SAN FRANCISCO, July 6, 2011 -- In 1840, renowned English botanist George Gardner reported a strange sight from the streets of Vila de Natividade in Brazil: A group of boys playing with a glowing object that turned out to be a luminescent mushroom. They called it "flor-de-coco," and showed Gardner where it grew on decaying fronds at the base of a dwarf palm. Gardner sent the mushroom to the Kew Herbarium in England where it was described and named Agaricus gardneri in honor of its discoverer. The species was not seen again until 2009.
San Francisco State University researcher Dennis Desjardin and colleagues have now collected new specimens of this forgotten mushroom and reclassified it as, Neonothopanus gardneri. Findings are now online and scheduled to be published in the November/December print issue of Mycologia.
They hope that careful study of the Brazilian mushroomwhich shines brightly enough to read by--and its other bioluminescent cousins around the world will help answer the question of how and why some fungi glow.
Desjardin, a professor in ecology and evolution in the SF State Biology Department [link: http://biology.sfsu.edu] and his colleagues determined that the mushroom should be placed in the genus Neonothopanus after carefully examining the mushroom's anatomy, physiology and genetic pedigree. But capturing new specimens of the mushroom to examine was a difficult task, Desjardin said, requiring a different approach than most fungi hunting.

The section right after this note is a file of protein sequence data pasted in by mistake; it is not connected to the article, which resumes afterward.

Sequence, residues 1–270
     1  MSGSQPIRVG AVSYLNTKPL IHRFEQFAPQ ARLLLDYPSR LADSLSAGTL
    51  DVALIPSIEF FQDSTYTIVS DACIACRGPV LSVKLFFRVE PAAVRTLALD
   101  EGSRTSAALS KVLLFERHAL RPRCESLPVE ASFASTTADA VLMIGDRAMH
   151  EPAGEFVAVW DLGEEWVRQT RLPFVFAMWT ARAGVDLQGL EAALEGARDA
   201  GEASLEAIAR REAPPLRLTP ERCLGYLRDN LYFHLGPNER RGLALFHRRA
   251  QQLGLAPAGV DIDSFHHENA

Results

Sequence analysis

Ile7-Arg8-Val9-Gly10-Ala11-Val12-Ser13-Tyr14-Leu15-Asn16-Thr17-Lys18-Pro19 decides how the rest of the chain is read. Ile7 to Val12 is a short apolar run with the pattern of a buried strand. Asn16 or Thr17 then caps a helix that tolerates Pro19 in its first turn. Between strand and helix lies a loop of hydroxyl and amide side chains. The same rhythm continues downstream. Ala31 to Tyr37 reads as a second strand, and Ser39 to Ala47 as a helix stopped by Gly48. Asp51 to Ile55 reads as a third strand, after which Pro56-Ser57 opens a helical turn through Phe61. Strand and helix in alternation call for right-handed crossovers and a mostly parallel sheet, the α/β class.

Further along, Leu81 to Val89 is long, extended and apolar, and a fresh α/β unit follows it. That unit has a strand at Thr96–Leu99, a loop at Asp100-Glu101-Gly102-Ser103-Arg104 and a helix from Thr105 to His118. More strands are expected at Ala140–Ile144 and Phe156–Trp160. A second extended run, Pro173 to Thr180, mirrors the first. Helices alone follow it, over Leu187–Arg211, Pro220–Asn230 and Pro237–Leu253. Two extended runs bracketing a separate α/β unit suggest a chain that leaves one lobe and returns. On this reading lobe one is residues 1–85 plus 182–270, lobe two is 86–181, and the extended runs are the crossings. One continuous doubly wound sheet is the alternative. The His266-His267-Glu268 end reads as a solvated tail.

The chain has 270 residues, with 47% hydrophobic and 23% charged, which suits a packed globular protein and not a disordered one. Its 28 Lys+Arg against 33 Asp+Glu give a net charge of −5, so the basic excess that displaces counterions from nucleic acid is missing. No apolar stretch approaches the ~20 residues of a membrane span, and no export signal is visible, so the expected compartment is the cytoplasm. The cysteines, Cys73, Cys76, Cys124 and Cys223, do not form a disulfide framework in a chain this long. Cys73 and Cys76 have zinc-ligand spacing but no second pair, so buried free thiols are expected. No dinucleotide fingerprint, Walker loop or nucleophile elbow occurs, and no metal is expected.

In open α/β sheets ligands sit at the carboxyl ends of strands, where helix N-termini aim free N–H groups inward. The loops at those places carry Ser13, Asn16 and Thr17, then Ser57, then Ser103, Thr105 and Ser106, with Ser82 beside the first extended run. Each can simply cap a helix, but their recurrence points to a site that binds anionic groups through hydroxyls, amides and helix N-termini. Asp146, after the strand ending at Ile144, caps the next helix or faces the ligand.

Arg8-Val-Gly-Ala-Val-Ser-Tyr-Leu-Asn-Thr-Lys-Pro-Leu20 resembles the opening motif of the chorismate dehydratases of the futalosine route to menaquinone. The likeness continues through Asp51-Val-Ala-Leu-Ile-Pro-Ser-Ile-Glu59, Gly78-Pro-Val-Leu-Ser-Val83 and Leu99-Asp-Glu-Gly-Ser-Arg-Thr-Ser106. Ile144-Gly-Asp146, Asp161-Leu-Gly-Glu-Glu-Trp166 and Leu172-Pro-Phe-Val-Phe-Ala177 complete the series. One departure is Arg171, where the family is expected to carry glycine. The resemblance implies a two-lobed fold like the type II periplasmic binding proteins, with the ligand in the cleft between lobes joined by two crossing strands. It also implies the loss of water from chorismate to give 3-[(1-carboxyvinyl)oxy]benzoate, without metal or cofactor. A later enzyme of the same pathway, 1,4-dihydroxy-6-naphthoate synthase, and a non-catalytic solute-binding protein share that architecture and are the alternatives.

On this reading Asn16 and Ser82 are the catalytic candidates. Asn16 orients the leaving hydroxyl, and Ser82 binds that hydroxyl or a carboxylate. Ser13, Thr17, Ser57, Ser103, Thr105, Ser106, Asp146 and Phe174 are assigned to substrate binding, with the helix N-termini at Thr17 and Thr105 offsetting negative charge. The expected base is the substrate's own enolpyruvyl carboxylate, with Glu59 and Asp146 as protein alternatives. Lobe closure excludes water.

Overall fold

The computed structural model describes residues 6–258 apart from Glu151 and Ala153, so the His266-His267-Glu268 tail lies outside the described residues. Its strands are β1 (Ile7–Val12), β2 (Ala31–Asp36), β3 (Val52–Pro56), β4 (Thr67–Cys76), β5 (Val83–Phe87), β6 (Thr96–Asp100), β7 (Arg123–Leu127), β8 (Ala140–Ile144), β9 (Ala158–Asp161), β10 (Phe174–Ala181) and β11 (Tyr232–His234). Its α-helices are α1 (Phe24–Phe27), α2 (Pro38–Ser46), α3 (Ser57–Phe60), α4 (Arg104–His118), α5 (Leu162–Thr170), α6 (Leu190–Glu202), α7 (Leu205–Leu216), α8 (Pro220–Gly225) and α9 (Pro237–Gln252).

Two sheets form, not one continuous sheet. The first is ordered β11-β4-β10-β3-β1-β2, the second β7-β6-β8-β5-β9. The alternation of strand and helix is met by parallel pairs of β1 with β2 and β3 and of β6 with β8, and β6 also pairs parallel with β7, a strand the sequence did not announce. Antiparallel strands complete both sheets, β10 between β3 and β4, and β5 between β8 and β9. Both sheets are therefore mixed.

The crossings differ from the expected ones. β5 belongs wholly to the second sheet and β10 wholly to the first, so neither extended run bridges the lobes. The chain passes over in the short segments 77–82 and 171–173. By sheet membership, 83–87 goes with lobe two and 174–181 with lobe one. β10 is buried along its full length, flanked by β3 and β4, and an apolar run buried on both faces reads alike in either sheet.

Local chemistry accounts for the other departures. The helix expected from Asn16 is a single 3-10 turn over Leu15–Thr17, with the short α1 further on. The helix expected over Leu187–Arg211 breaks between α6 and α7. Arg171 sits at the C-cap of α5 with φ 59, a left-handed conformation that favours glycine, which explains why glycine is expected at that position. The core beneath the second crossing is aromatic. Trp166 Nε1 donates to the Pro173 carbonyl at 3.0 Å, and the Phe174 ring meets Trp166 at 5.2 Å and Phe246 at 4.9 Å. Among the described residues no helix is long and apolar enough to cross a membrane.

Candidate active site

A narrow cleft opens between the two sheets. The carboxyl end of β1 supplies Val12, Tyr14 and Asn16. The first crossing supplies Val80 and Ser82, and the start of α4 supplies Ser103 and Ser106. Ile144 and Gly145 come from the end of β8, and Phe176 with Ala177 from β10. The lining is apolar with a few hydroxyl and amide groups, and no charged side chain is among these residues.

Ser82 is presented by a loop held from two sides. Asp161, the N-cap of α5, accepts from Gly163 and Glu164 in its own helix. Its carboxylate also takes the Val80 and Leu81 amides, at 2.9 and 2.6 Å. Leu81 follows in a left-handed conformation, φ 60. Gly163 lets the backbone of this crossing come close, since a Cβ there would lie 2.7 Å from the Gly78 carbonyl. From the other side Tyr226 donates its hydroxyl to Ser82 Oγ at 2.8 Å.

To catch the green glow of the bioluminescent mushroom, Desjardin and his long-time research partner in Brazil, Dr. Cassius Stevani, had to "go out on new moon nights and stumble around in the forest, running into trees," he recalled, wary of nearby poisonous snakes and prowling jaguars.
But he said advances such as digital cameras have made it easier to track down bioluminescent fungi. New cameras allow researcher
|Contact: Nan Broadbent|
San Francisco State University